Rathke said the U.S. would “continue to actively monitor terrorist threats emanating from Yemen and have capabilities postured in the area to address them.”

An MV-22B Osprey tilt-rotor aircraft takes off from the flight deck of the amphibious assault ship USS Iwo Jima in the Gulf of Aden on March 2, 2015. (Photo: U.S. Navy/Mass Communication Specialist Seaman Magen F. Weatherwax)

He did not elaborate but U.S. Central Command has its forward headquarters at the Al Udeid Air Base in Qatar, just under 1,000 miles from Aden. Across the narrow Gulf of Aden lies Djibouti, home to U.S. Africa Command’s Combined Joint Task Force – Horn of Africa. The amphibious assault ship USS Iwo Jima has been positioned near Yemen in recent weeks.

Appearing on ABC’s “This Week,” House Homeland Security Committee chairman McCaul sounded unconvinced.

“Because we are withdrawing completely, we will have no intelligence footprint or capabilities to monitor what AQAP and ISIS and the Shia militants are doing in the region,” he said.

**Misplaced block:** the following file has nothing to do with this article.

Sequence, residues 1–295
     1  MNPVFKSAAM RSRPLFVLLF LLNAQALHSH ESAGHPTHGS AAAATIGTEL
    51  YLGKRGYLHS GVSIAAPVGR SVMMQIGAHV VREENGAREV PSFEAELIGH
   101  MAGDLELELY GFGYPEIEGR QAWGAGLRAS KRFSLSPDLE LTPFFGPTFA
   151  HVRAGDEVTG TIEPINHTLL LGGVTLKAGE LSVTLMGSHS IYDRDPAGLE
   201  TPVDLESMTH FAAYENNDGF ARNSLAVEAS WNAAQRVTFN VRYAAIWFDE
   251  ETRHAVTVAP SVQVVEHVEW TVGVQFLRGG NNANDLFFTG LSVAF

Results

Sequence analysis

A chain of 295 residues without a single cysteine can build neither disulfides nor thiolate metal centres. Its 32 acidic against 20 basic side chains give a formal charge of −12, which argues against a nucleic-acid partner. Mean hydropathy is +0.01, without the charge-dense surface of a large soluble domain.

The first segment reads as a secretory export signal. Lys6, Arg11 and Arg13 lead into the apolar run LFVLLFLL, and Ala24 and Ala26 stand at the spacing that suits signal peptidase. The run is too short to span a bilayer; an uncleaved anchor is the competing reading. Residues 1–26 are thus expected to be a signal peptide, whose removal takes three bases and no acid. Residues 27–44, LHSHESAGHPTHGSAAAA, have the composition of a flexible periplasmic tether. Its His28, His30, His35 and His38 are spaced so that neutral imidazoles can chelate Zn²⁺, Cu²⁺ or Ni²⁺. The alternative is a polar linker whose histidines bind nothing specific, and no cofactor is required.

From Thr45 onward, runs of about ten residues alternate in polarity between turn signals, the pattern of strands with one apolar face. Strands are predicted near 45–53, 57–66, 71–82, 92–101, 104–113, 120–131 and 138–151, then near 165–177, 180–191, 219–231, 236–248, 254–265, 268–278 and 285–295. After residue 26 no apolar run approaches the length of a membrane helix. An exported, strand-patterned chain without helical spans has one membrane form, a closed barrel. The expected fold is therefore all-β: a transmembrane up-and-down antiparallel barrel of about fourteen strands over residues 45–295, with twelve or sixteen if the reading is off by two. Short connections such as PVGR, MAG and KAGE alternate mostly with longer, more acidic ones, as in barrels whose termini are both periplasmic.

“Good intelligence stops plots against the homeland. Without that intelligence, we cannot effectively stop it. That’s what I’m most concerned about.”

On the State Department’s assertion that the U.S. has “capabilities postured in the area,” McCaul said, “But it’s not – it’s not in country. And the human intelligence value is not there. And maybe we can launch drone strikes from other countries, but if you don’t have that intelligence on the ground, how do you know who to hit and where and when?”

“These developments in Yemen greatly concern me because of the – their potential to attack the United States.”

McCaul also compared the lawlessness in Yemen with the situation in Libya, another country whose autocratic leader, like Saleh, was toppled during the so-called “Arab spring” – although in Libya’s case with U.S. and NATO assistance.

“Look, it’s a model from Libya. We pulled out of Libya,” he said. “Now look what’s happened: A safe haven, a vacuum, ISIS training militants to hit in Tunisia. And now we get Yemen. You know, all of the northern Africa seems to be falling to this power vacuum that is being filled by the terrorists.”

Friday’s suicide bombings of mosques, which cost more than 140 lives, was the first major attack in Yemen claimed by ISIS, which morphed from an al-Qaeda affiliate in Iraq and is now viewed as the main Sunni rival to the al-Qaeda terror network.